Xi Jinping Seeks to Rebuild, and Dominate, Frayed BRICS Coalition

DUSSELDORF, GERMANY - MARCH 29: Chinese President Xi Jinping speaks at a reception in his honour on March 29, 2014 in Dusseldorf, Germany. President Xi Jinping is visiting the western German state of North Rhine-Westphalia after meeting with German leaders in Berlin the day before. Earlier in the day he …
Sascha Steinbach/Getty Images

Chinese dictator Xi Jinping gave a lengthy teleconferenced address to the BRICS group of emerging economies on Tuesday, making a bid to restore and dominate what Chinese state media described as a tottering coalition riven by unreasonable animosity toward China from two of the other members, India and Brazil.

As usual with top Chinese officials, Xi used the coronavirus pandemic unleashed by China as an argument for greater Chinese influence in the world and called for the kind of “multilateralism” the brutal Chinese tyranny loves to exploit.

“Facing the choice between multilateralism and unilateralism, and between justice and hegemony, we BRICS countries must stand up for equity and justice in the world. We must hold high the banner of multilateralism, and defend the purposes and principles of the Charter of the United Nations. We must endeavor to safeguard the UN-centered international system and the international order underpinned by international law,” Xi pontificated, making some very bold statements for the authoritarian ruler of a country that uses actual slave labor.

Xi sought to rebuke efforts at economic disengagement from China, presenting it as an irrational fit of pique the post-pandemic world cannot afford:

To stabilize the economy while controlling the pandemic is the pressing task facing all countries. Under the precondition that safety is ensured, we must actively pursue economic recovery and seek to carry out economic and social activities in an orderly way as we fight the virus on an ongoing basis. We need to strengthen macroeconomic policy coordination, follow through on the initiative on facilitating cross-border flow of people and goods, and keep industrial and supply chains safe and open to better enable the resumption of business activities and economic recovery.

The practice of using the pandemic to pursue “de-globalization” or clamor for “economic decoupling” and “parallel systems” will end up hurting one’s own interests and the common interests of all. Under the current situation, we need to stand firm for building an open world economy. We need to uphold the multilateral trading system with the WTO at its core and reject abuse of the “national security” concept for protectionist purposes. We need to leverage the new business forms and models triggered by the pandemic, strengthen cooperation on scientific and technological innovation, and nurture an open, fair, equitable and nondiscriminatory business environment to bring about common development of higher quality and stronger resilience.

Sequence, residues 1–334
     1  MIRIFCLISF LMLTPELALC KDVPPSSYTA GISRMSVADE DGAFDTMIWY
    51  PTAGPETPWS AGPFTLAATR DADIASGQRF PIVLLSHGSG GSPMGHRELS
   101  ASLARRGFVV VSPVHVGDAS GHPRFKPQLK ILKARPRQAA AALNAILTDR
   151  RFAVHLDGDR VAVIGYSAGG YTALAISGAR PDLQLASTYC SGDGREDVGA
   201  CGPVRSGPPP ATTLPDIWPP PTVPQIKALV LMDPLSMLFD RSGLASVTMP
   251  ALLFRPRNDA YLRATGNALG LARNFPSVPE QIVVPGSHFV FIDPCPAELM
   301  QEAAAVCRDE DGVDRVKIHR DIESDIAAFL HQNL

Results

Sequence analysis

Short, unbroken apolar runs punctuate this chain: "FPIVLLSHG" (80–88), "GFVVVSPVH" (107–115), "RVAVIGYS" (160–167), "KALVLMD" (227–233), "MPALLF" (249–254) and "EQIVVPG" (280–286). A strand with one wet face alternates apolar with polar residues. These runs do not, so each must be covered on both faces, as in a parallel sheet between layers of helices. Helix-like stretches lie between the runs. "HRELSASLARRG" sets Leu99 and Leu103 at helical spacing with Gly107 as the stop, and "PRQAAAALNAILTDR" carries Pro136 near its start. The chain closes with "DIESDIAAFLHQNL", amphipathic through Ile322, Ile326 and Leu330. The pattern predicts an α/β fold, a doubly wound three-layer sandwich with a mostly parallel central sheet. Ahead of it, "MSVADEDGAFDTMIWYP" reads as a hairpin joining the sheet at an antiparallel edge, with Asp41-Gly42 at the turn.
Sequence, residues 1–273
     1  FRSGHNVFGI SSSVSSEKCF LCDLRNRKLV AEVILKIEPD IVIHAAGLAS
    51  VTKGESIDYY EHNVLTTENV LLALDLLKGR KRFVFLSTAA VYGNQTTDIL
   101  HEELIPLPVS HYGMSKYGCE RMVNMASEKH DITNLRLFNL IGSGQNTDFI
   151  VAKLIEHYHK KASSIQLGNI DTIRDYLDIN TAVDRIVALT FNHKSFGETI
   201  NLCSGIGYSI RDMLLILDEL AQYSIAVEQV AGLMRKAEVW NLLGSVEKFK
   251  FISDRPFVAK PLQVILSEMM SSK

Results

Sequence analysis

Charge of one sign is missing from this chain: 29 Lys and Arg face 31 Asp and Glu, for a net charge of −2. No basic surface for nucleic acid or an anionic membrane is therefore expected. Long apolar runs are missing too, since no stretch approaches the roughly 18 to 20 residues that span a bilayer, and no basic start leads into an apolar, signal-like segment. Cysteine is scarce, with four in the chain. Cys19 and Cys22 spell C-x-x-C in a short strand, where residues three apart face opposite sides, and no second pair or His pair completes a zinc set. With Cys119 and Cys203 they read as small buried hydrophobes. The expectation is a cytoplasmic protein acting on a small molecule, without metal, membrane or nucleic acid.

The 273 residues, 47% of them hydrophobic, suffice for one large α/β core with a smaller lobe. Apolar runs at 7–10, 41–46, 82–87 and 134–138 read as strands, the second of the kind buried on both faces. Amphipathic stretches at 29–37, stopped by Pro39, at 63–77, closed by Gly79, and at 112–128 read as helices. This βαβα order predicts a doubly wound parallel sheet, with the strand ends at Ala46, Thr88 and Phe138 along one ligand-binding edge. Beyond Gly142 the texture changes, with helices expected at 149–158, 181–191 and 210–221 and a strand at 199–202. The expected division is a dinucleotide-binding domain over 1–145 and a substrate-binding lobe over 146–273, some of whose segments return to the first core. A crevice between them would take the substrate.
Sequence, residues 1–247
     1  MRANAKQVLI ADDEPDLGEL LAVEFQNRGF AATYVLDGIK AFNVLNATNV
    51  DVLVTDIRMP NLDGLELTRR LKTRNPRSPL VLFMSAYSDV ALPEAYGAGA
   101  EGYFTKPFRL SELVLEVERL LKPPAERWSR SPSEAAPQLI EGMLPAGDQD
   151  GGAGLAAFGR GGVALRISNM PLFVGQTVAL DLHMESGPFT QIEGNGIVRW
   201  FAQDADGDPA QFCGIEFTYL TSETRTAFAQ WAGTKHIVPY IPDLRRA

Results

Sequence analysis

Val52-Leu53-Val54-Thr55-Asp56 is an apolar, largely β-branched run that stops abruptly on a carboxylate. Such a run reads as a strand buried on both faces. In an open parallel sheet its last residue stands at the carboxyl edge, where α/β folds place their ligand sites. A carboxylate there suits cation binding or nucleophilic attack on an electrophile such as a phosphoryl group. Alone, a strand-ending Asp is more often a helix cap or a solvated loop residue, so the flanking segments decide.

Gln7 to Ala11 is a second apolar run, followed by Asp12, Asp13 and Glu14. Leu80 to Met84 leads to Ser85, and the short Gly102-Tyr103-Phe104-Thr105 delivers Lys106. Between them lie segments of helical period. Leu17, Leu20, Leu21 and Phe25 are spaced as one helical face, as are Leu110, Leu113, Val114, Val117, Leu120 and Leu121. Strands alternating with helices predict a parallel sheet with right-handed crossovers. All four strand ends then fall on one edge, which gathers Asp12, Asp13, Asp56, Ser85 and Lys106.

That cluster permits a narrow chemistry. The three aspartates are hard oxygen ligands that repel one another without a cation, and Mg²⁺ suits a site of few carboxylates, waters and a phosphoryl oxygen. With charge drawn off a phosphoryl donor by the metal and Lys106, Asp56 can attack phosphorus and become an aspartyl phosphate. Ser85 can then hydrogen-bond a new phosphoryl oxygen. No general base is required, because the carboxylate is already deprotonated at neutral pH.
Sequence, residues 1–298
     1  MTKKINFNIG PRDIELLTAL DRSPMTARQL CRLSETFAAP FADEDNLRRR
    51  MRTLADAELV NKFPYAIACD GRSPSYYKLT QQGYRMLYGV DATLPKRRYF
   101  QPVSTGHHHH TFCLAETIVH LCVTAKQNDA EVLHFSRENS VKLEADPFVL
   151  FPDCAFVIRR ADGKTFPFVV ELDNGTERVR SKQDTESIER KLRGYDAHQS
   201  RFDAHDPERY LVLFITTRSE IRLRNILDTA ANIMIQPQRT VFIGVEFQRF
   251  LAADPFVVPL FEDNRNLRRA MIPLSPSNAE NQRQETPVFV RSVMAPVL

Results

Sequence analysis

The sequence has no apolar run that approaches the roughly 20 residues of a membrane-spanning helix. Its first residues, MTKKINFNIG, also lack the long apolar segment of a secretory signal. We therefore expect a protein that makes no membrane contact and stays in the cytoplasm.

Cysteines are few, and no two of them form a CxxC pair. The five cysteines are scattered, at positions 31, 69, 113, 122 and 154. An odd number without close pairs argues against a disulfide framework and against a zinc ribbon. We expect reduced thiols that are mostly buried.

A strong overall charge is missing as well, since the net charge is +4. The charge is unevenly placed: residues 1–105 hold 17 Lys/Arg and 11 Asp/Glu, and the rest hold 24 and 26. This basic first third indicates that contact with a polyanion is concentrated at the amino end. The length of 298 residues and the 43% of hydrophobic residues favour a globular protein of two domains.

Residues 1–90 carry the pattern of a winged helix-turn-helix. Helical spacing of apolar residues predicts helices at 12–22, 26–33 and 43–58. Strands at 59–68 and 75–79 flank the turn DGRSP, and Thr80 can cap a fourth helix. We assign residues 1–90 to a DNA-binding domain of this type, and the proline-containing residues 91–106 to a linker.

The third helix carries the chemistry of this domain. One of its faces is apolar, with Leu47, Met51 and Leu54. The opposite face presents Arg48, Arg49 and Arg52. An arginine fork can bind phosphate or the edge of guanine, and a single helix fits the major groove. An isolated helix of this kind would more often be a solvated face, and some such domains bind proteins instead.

“China will not shut its door of opening-up; it will embrace the world with more open arms. China will be more vigorous in integrating with the global market and will take greater initiative in deepening international cooperation. In so doing, China will create more opportunities and space for global recovery and growth,” Xi promised.

The day before Xi delivered his speech, China’s CGTN ran an editorial asking if BRICS — the economic group that includes Brazil, Russia, India, China, and South Africa — is “falling apart” because India and Brazil are becoming “increasingly antagonistic toward China”:

China has the resources and expertise to build its four partners’ infrastructure networks and invest in their industries. And with their combined huge population of almost three billion, inter-BRICS trade would bring enormous economies of scale, competitiveness and long-term sustainable economic growth.

However, India and Brazil viewing China a “threat” rather than an “opportunity” could risk BRICS falling apart. Indian Prime Minister Narendra Modi walked away from the Regional Comprehensive Economic Partnership mostly because India fears that China will “hurt its manufacturing,” while Brazilian President Jair Bolsonaro’s anti-China sentiment was based largely on ideology.

Bolsonaro ran on an anti-China platform, accusing China of trying to “own” his country. Though softened after elections because China is Brazil’s biggest or major customer and investor, his anti-China sentiments remain intact.

The editorial castigated Bolsonaro for freezing Chinese telecom giants Huawei and ZTE out of its 5G wireless network and refusing to buy a coronavirus vaccine developed by China’s SinoVac, and Modi for exploiting “anti-China sentiments” to distract from India’s “faltering economy while cozying up to the United States under President Donald Trump.

“Playing the ‘China card’ could backfire on Modi and Bolsonaro. Help from developed countries, including the U.S., might not be forthcoming because they are having problems of their own,” the op-ed warned, adding that “decoupling” from China could “deep freeze” the economies of India and Brazil unless Modi and Bolsonaro end up “putting national interests over theirs” by embracing China and reviving BRICS.

China’s Xinhua news service on Wednesday denounced the “rising sentiments of ‘de-globalization’ and clamor for so-called ‘economic decoupling,’” instead advising China’s BRICS partners and other developing nations to embrace Xi’s vision of Beijing-managed multilateralism with “full-throated support.”

“Unfortunately, there are also attempts to exploit the pandemic to stigmatize and scapegoat others, which have disrupted the ongoing international anti-virus cooperation. Thus, another task for countries is to overcome division with unity, replace bias with reason and stamp out all kinds of political viruses,” Xinhua editorialized disdainfully.

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